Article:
In the third place, the same thing is proved by the use which our Saviour made of particular books in the Old Testament Scriptures.

In his argument with the Pharisees touching divorce he appeals to Genesis. [Quotation here of Mark 10:6-8; Gen 1:27; Gen 2:24.] He also cites the narrative in Genesis of the flood. (Matt 24:37-39.)

In his Sermon on the Mount, he expounded the ten commandments, the record of which is in Exodus. Of the moral law, and of the prophets, he affirms immutable authority, “Think not that I am come to destroy the law, or the prophets: I am not come to destroy, but to fulfil.” (Matt 5:17.) … In his argument with the Sadducees concerning the resurrection fo the dead, which, in the judgment of the Pharisees, had silenced his opponents, he cited the words of the same book as of conclusive authority. (Ex 3:6, 15, 16.)

Our Lord, as a man, conformed himself to the requirements of the ritual law contained in Leviticus and Numbers. Sufficient importance has, perhaps, not been attached to this fact as evincing his acceptance of the inspired authority of the Old Testament Scriptures. But it must be specially noted that he expressly quotes Leviticus (Matt 15:4, Lev 20:9).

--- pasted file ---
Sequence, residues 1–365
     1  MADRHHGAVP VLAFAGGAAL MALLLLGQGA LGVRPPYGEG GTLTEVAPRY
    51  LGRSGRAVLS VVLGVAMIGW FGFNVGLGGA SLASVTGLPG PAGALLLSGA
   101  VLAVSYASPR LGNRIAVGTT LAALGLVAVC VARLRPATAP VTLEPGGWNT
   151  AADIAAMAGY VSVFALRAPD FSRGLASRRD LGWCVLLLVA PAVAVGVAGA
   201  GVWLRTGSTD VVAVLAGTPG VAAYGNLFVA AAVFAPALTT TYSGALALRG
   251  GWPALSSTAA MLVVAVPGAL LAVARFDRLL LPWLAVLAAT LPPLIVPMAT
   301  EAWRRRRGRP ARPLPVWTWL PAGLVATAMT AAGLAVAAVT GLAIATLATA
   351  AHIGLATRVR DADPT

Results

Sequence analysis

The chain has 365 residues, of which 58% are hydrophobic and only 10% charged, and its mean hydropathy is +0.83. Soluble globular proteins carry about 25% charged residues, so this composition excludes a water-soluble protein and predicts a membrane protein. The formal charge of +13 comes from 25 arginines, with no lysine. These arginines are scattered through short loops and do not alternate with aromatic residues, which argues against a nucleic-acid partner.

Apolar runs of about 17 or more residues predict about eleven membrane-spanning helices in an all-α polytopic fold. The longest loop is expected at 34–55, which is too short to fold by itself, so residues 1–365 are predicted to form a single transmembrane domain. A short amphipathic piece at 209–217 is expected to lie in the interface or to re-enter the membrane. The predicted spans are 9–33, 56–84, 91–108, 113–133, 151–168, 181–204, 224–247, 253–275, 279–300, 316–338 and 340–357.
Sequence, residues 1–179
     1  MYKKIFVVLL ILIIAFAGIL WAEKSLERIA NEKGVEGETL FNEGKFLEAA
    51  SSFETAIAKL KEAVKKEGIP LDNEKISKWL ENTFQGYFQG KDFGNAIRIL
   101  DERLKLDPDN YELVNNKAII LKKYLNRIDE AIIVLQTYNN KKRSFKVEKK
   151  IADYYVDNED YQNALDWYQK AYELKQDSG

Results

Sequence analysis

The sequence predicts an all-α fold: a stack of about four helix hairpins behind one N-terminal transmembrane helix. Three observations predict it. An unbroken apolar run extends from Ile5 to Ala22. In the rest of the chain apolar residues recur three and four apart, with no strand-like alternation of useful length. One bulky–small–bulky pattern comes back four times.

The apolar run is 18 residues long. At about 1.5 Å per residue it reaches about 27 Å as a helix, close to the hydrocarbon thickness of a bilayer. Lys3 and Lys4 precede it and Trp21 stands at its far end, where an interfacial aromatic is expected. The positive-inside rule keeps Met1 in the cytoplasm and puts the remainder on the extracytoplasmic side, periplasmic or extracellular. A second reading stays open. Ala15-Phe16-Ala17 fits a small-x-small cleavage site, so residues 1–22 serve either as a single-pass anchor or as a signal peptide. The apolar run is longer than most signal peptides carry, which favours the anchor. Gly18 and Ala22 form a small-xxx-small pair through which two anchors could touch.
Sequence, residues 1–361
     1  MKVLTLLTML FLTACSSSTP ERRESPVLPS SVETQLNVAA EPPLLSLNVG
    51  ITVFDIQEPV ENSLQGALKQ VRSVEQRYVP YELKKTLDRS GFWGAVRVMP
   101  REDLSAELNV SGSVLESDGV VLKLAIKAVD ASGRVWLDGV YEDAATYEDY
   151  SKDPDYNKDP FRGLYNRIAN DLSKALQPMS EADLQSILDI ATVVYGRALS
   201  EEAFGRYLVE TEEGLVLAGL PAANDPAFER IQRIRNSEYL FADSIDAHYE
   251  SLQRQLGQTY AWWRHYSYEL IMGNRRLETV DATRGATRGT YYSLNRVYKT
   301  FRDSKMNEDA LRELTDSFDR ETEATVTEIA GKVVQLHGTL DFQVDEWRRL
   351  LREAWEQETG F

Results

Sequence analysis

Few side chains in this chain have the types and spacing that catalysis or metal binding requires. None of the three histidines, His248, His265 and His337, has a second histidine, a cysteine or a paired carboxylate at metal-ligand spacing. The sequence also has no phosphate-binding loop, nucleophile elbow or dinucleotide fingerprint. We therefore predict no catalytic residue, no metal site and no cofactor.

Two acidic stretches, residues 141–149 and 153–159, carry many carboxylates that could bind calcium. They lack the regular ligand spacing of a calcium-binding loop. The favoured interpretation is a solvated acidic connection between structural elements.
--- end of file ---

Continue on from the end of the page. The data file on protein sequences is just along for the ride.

In the progress of his temptation by the devil in the desert, he employed the words of the Book of Deuteronomy as a complete answer to the insidious suggestions of the great adversary. (Deut 8:3; 6:13; 10:20.) There are, besides, other references which he makes to the same book.

It has thus been pointed out that our Lord endorsed the belief of the Jews in the inspired authority of the Pentateuch.

Refuting the charge of the Pharisees that his disciples had violated the Sabbath by plucking corn on that day, he cited the act of David, approved by the high priest, as recorded in 1 Samuel, “Have ye not read what David did?” (Matt 12:3); and in Matt 23:35, he virtually attests the inspired accuracy of all the historical books which narrated events from the death of Abel to that of Zacharias, the son of Bacharias. These books are charged with serious errors by the higher critics. The contrast of judgment is conspicuous.

In Matt 13:35 he expressly quotes David as a prophet, in Matt 21:16 he cites Psalm 8, and in Matt 21:42 he uses the words of Psa 118. It was previously shown that he employed the very words of Psa 82 and Psa 110 to clench his arguments, and now attention is called to the impressive fact that on the cross he used words from Psa 22 in making the most affecting appeal to God that was ever uttered, “Eli, Eli, lama sabachthani?” — “My God, my God, why hast thou forsaken me?” He also in his dying agonies exclaimed, “I thirst,” and tasted the vinegar offered him, in fulfilment of the prediction in Psa 69, “And in my thirst they gave me vinegar to drink.”